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Faculty Publishing Resources

What is the Impact Factor?


What is the Impact Factor?

The impact factor was created by the company Thomson Reuters. It is the oldest and best-known measure of journal metrics. 

The impact factor measures how often the articles in scholarly journals are cited. Journals with high impactor factors are usually considered prestigious

Pepperdine does not subscribe to the Journal Citation Reports (JCR) database from Thomson Reuters, but it is important to remember that Thomson's impact factor is only one of several instruments for ranking the prestige of journals. 

How can journal prestige metrics help faculty authors?

  • You can avoid predatory journals by using SCIMago and JCR because these databases generally only contain legitimate journals.
  • SCIMago and the JCR are helpful for identifying suitable journals for publications

  • While citations to your articles is based on many factors, authors publishing in highly ranked journals are more likely to obtain more citations to their works.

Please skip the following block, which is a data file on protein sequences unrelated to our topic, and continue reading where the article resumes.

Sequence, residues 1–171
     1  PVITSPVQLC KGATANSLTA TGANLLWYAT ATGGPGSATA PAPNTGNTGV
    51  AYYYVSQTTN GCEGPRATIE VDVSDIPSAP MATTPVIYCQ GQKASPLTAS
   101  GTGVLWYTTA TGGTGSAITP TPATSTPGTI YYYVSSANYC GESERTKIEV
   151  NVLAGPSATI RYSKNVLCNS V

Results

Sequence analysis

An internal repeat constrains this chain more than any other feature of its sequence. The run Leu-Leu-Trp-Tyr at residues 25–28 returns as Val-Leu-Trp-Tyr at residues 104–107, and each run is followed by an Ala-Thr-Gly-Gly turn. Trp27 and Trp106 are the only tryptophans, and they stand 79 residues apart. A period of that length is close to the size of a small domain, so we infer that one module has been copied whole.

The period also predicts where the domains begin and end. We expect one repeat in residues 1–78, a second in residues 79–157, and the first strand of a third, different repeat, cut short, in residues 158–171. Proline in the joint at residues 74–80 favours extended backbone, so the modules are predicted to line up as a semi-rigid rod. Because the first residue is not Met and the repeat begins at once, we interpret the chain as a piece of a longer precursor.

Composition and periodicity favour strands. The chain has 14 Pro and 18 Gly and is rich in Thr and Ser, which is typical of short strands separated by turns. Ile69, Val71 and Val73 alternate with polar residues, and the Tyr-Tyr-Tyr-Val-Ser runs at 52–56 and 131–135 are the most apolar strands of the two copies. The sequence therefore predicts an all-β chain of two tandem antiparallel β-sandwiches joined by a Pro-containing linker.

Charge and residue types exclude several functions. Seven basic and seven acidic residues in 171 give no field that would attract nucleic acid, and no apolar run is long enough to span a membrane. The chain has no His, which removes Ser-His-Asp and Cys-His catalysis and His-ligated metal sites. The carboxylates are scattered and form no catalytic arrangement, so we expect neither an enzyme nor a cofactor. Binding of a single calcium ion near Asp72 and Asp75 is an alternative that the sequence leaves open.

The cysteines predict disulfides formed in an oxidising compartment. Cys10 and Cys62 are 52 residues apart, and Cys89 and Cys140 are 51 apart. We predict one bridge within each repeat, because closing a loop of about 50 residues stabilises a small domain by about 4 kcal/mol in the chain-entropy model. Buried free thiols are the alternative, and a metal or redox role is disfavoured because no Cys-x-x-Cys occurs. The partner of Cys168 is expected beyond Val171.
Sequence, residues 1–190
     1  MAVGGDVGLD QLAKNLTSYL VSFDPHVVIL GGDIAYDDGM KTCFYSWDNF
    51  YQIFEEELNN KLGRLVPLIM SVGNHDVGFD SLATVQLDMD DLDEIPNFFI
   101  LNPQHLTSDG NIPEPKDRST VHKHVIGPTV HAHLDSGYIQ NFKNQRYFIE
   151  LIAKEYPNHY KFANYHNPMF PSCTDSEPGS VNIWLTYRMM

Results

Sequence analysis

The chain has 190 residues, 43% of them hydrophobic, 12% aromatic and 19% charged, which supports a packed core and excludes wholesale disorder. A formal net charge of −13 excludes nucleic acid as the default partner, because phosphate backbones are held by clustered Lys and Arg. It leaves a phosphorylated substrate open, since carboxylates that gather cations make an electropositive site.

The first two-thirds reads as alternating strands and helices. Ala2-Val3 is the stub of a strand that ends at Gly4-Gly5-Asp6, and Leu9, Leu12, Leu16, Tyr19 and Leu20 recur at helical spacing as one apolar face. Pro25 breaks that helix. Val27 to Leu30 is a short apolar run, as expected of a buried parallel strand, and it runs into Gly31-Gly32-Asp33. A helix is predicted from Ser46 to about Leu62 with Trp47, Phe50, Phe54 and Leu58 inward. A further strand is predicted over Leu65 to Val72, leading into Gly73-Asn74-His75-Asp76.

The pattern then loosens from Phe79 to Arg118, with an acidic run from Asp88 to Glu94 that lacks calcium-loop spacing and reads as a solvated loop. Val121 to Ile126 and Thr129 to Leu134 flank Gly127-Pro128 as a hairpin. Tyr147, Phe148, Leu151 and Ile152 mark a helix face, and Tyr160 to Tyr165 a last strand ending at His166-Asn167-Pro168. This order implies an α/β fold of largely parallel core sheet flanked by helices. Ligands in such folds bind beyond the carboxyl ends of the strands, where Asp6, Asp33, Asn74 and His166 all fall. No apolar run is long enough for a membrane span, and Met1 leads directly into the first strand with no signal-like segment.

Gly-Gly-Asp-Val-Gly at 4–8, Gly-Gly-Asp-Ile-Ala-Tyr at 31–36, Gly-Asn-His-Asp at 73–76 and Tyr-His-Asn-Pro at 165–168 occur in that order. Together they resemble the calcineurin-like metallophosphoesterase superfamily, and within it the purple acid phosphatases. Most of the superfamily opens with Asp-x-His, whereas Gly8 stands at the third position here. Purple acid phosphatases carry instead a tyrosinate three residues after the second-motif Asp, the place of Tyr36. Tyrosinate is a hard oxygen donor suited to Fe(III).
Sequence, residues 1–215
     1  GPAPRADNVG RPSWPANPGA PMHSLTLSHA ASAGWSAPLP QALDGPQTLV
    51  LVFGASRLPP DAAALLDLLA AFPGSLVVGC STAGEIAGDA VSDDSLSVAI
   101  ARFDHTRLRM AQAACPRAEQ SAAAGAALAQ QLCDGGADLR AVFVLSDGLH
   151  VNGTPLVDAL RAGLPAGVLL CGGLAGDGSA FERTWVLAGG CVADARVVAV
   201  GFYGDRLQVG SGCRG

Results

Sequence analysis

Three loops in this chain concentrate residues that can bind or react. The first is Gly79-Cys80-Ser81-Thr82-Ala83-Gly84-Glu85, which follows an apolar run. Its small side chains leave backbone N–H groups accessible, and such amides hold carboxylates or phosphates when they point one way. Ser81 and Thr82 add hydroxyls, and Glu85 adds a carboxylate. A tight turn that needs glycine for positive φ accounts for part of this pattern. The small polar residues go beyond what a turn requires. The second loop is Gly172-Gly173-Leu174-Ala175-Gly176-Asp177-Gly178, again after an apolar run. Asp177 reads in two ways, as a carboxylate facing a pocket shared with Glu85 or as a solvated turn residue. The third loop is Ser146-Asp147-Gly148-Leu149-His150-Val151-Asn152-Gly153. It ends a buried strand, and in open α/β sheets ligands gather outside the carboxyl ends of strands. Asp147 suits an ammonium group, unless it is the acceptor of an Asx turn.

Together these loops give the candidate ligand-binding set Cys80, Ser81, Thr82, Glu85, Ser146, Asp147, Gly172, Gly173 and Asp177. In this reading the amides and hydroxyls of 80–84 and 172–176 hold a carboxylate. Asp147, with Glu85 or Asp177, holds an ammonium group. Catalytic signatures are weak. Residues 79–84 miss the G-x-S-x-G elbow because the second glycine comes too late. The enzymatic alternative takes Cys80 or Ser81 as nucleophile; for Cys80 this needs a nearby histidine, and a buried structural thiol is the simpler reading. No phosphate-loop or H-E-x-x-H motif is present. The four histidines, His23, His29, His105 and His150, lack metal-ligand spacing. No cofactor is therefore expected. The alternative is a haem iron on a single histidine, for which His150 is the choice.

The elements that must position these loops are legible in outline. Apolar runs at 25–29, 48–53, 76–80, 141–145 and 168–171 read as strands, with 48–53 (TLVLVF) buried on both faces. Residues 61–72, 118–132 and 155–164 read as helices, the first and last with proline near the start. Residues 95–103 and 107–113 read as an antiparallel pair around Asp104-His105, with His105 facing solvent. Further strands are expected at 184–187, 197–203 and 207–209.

How can journal rankings be misused?

  • Impact factors and the SCIMago Journal Rank refer to the prestige of the journal not the author or their individual articles
  • Faculty applying for tenure or promotion should not be judged solely on journal prestige. It's important to also consider article level metrics such as how many times an authors' works were cited.

Oct. 2016 -- Thomson Reuters was acquired by Onex Corporation and Baring Private Equity Asia the company is renamed Clarivate Analytics

1988 Thomson Reuters acquired the Institute for Scientific Information (ISI)

SCImago Journal & Country Rankings


Rankings are based on the number of times articles within a journal are cited and the prestige of the journals where the citations appeared.

.The journals in SCIMago are drawn from the library's Scopus database.

Currently, there are about 32,000 journals indexed SCIMago while the Journal Citation Report database from Clariviate (publishes the impact factor only indexes 12,000 journals


CiteScore from Elseiver

CiteScore from Elsevier

CitesScore from Elsevier is new freely available resource that ranks and evaluates over 22,000 journals based on how often their articles are cited by other journals. Here are some issues with this new metric:

  • Doesn’t always correlate with Clarivate Analytics (formerly Thomson Reuters) Impact Factor

  • Counts *all* document types such as letters and editorials

  • Elsevier, the company responsible for CiteScore, also publishes journals

  • CiteScore evaluates almost twice as many journals as Clarivate Analytics (Thomson Reuters) Impact Factor

  • Updated monthly (most journal ranking resources are updated annually)